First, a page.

School ban issues detention threat for kids seen hugging

STUDENTS at a Gold Coast primary school are being warned against hugging a move some parents say is political correctness gone mad.

They say children at the William Duncan State School in Nerang are being punished with detention for hugging or touching their friends boys or girls, the Gold Coast Bulletin said.

Father of five, Ross Kouimanis, labelled the decision “an absolute joke”.  ”What on earth are we turning our kids into?” Mr Kouimanis said.

”Kids hug all the time. My high school daughter hugs her friends. It’s perfectly normal. ”It’s perfectly innnocent and I can’t understand it.

”It’s political correctness gone mad. Banning kids hugging? It’s ridiculous. ”What an absolute load of rubbish.”  Mr Kouimanis’s daughter Emily was given a warning for hugging her best friend.

”My best friend and I confronted the teacher and she said it was a new school rule and some kids have been sent to detention for hugging,” Emily said.

Mr Kouimas said the school should be more worried about educating children and said the ban sexualised an innocent gesture. ”They are making something so innocent seem dirty or wrong. It’s just normal. ”It’s what kids do, for Christ’s sake.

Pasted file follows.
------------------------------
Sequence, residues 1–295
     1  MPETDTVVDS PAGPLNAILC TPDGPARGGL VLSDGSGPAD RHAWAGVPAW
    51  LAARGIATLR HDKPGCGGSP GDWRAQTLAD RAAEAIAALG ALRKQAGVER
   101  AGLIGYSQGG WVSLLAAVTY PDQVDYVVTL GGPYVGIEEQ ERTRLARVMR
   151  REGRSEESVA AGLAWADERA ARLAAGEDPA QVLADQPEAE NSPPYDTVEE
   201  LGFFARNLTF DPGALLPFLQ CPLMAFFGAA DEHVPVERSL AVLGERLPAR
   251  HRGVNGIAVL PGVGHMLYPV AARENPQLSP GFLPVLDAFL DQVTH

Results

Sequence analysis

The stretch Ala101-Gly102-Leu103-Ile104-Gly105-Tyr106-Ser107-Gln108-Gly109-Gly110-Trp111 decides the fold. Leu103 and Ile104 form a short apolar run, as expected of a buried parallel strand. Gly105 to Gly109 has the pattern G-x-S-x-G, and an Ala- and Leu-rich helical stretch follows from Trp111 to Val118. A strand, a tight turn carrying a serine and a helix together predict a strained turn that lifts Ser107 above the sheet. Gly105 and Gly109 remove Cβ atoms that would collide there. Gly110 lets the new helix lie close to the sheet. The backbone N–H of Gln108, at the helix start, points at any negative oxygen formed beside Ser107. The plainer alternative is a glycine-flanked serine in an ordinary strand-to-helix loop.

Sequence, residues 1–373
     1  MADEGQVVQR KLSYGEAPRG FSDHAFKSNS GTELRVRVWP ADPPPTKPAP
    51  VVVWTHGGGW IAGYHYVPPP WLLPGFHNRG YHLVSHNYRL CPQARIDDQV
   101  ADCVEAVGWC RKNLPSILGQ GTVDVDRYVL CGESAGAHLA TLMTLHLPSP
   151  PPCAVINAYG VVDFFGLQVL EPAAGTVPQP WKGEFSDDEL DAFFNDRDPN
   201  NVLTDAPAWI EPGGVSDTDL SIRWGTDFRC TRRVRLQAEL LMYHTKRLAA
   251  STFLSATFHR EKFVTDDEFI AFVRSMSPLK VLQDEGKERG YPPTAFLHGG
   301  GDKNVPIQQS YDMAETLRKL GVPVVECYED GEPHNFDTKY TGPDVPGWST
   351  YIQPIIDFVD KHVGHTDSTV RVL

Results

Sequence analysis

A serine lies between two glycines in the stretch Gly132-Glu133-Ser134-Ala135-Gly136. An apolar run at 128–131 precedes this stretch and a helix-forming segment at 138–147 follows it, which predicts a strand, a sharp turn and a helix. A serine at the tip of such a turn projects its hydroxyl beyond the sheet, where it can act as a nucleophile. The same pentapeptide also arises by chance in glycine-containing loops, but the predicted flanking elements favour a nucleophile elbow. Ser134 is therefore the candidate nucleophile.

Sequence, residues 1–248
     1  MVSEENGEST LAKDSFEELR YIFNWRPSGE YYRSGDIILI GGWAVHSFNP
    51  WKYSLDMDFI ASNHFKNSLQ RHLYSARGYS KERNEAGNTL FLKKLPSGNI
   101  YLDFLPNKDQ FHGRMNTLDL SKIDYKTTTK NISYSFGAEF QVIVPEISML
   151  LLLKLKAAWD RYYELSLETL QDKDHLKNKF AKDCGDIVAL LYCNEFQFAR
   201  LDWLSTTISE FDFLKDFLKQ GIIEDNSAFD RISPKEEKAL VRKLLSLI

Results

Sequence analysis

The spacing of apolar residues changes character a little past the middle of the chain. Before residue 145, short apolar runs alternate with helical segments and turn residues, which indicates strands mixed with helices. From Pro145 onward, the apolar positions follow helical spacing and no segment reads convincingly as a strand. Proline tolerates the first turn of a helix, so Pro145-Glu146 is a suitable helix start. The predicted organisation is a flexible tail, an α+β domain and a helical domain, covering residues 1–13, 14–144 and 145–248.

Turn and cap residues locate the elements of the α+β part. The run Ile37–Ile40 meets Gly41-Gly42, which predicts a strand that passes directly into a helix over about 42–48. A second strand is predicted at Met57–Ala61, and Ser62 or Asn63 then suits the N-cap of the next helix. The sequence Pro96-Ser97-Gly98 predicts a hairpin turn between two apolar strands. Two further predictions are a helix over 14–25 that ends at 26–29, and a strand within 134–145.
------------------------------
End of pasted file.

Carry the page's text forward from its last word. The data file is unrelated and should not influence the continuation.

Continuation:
”Hugs not drugs is an international slogan to fight drug abuse where does that fit in with William Duncan’s new school policy?”

The Bulletin understands the policy was developed by the school’s Parents and Citizens Association and was reviewed each year, with most members approving measures for students to keep their hands, feet and objects to themselves.  A greater number of pupils had been hugging each other in the lead-up to the end of the year but there was no set policy for a detention or punishment if they broke the rule.

Education Queensland South Coast Regional director Glen Hoppner said there was no EQ policy banning hugging in schools.

”William Duncan State School has determined that unwanted or unnecessary physical contact, which in some circumstances can include hugging, is inappropriate playground behaviour,” Mr Hoppner said.  He said some students did not appreciate having their personal space compromised.  ”The school is mindful of protecting their right to not be touched in an unwanted or inappropriate way.”

Mr Hoppner said the school principal was “unaware” of students being given detention for hugging.

For more on this story and to vote on the hugging ban, visit the Gold Coast Bulletin.

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